Mission: Space combines elements of what astronauts actually undergo during train- ing. This includes understanding and learning to use the spacecraft; familiarization with specific roles on an astronaut team; shuttle sim- ulations of a launch, approach and landing; visual simulations of space; and computer-generated sound simulations of the craft and Mission Control. Park guests prepare for an intense training session from actor Gary Sinise, suggesting his Mission to Mars role. Thirty-five feet in diameter, it features cutaway views of living areas in a habitat designed for space travel, including an exer- cise area, offices and sleeping cubicles.

      Keen observers will note the Horizons emblem in the center of the wheel, a subtle homage to the former attraction at this site. On loan from the Smithsonian National Air and Space Museum, and hovering overhead, is an actu- al Lunar Rover, the final unit built for use by Apollo mission astro- nauts. The vehicle provides another touch of authenticity for the sur- roundings, and is a nice counterpoint to the speculative and futuristic Gravity Wheel. As guests leave the Space Simulation Lab and continue along the corridor leading to their capsules, they encounter plaques marking great moments in space flight: from , when Yuri Gargarin became the first man in space, to the first family in space in the year , and the first deep-space mission aboard the X-2 in Monitors showing video of prior partici- pants enjoying the ride and the actual ride-control monitoring rooms which mn the show line the Training Operations Room, the hub of activity for training sessions in progress.

      Ready Room crew positions include Pilot, Commander, Navigator and Engineer, each responsible for specific tasks during the flight which will be prompted for action by CapCom Capsule Communicator Sinise via video transmis- sion from Mission Control. Here, the ISTC trainees meet their CapCom again, where they are briefed one final time before entering their capsules.

      Concerns about long queues prompted Disney to apply their FastPass guaranteed riding time option to speed things along. Once strapped into position behind the respective flight panel Plaques marking Great Moments in Space Travel line the walls of the attraction Like this one comme- morating the first X-2 deep- space mission in It features cutaway views of living areas designed for space travel. Inside the capsule, riders work together to complete their assignment.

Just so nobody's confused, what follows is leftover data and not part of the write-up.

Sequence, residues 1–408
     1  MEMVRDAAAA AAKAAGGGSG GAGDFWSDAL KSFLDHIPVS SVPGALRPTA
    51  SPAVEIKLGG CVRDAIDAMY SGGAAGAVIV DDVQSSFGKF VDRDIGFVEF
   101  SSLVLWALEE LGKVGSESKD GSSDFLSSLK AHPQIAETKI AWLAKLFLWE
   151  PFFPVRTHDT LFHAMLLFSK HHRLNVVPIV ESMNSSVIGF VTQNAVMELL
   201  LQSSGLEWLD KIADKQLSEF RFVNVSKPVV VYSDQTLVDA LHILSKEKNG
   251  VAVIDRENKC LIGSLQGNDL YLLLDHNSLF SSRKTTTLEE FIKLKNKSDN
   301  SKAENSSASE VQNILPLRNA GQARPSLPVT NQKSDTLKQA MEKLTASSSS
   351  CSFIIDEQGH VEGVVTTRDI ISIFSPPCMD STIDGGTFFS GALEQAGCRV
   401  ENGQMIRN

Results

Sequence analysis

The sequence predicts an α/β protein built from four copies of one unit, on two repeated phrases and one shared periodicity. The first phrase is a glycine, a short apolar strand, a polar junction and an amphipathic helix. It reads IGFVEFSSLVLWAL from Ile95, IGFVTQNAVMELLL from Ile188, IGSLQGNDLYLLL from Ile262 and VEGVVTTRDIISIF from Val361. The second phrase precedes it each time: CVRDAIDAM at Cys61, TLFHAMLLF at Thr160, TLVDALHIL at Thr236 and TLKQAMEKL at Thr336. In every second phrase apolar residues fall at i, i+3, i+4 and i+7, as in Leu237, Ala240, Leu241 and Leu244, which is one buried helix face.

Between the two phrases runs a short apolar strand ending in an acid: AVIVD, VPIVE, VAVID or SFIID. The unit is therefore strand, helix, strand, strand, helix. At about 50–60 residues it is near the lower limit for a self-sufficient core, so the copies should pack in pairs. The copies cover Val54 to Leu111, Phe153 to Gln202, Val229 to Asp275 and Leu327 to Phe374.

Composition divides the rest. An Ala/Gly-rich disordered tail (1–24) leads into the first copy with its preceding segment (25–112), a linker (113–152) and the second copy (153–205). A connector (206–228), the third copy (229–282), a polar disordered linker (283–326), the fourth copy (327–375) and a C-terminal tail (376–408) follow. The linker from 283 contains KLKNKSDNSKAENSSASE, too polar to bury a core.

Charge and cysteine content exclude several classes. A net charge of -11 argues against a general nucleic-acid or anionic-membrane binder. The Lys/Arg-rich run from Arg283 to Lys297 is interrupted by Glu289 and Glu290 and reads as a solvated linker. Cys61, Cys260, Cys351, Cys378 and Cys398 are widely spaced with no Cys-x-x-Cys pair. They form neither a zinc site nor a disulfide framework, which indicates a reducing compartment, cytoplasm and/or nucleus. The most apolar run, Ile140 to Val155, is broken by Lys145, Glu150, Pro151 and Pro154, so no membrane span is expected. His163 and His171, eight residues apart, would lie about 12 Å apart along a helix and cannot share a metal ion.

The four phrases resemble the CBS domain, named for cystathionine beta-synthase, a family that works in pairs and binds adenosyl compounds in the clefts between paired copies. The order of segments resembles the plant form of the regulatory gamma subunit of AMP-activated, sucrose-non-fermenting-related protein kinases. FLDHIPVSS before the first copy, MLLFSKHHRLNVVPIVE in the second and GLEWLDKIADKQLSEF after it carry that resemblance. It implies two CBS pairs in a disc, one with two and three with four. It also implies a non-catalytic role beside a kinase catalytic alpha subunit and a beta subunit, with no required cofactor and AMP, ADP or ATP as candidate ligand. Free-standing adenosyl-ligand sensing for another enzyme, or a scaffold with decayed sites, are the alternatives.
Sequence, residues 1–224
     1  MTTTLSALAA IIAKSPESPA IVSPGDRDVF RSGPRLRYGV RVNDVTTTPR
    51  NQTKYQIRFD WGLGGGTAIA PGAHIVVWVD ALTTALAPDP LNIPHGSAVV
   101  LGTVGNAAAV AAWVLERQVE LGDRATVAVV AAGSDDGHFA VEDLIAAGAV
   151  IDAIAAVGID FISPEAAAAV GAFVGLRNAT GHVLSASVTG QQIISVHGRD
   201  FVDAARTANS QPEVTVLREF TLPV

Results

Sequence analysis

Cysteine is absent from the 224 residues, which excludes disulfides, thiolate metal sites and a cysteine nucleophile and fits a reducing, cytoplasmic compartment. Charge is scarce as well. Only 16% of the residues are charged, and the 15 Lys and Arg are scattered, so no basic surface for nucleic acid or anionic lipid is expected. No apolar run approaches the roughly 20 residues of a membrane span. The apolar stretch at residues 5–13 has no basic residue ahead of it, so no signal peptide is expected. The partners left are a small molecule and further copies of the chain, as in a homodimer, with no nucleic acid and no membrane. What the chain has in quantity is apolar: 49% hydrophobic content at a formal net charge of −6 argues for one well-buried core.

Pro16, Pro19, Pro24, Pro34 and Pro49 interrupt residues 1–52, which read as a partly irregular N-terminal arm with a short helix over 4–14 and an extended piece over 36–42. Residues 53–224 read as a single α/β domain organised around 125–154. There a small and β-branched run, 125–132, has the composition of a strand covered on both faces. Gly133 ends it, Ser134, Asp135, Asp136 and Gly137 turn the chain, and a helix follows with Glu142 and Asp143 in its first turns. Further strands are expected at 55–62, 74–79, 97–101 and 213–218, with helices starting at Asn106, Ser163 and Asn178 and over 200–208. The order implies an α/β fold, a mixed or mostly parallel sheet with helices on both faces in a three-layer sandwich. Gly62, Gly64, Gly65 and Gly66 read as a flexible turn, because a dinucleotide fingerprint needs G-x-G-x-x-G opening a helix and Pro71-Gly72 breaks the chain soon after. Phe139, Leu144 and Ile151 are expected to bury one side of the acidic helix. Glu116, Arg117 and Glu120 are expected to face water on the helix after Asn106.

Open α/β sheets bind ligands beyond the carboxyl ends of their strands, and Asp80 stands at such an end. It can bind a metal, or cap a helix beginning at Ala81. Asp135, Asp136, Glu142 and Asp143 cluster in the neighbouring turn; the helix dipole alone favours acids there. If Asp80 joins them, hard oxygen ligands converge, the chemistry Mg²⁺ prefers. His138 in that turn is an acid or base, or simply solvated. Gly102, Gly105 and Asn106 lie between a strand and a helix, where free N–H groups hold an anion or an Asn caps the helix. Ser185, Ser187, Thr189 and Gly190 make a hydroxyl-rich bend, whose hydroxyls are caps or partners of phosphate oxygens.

Throughout the ride, the synchronization of the action on the video monitors with the extra pushes of gravity and other physical sensations heighten the illusion of space flight from liftoff to landing. If the com- puter needs to initiate a system for the guest, the capsule response is similar, but not exactly the same. XWE Universe Earthly Concerns Their mission complete, the successful ISTC trainees emerge from their capsules and proceed — sometimes staggering after their wild ride — down a long, winding hallway which empties into the Mission: Space post-show area.

      The combination of games and interactive and sometimes educational activities promises something for everyone. In Space Race — a large-scale space- themed version of the traditional horse race amusement arcade game — two teams, each made up of both astro- nauts and ground control personnel, compete against each other in a race to - send their rocket from Mars back to Earth. Nearly 60 people can play the high-energy game at one time right in the Advanced Training Lab and, in a nice hi-tech twist, thousands more can participate through the Internet at www. Space Base is designed for junior astronauts.

      Postcards from Space lets guests create and e-mail a video of themselves, with their choice of space-themed backgrounds and animations. Creating a first-of-its kind attraction that would combine unique aerospace technology with classic Disney storytelling presented a daunting task and intimidating technical challenges to WDI.

      They found the answers in consultations with space pro- fessionals, and a dramatic storyline inviting guests to explore a new world: Mars. They personally experi- enced astronaut and pilot training simulators at facilities throughout the United States. This in-depth, hands-on research enabled devel- opment of a training process for the attraction that combines ele- ments of what astronauts really undergo while incorporating specu- lation of how that process may change in the future.

      Mission: Space is so uniquely EPCOT in the educational sense that, despite its popularity, it might not lend itself to development at other Disney parks as some more mainstream attractions have in the past. Many of our attractions are so popular that we look for ways to share them with more guests in other Disney parks throughout the world.

      Utilizing technologies developed for the American space program and building upon the ideas scientists are just now formu- lating for future space travel. Mission: Space provides a unique glimpse into our future and the promise it holds to finally touch the face of Mars. With the President himself extolling the virtues of a manned flight to the red planet, it is a future quite possibly closer than anyone might think.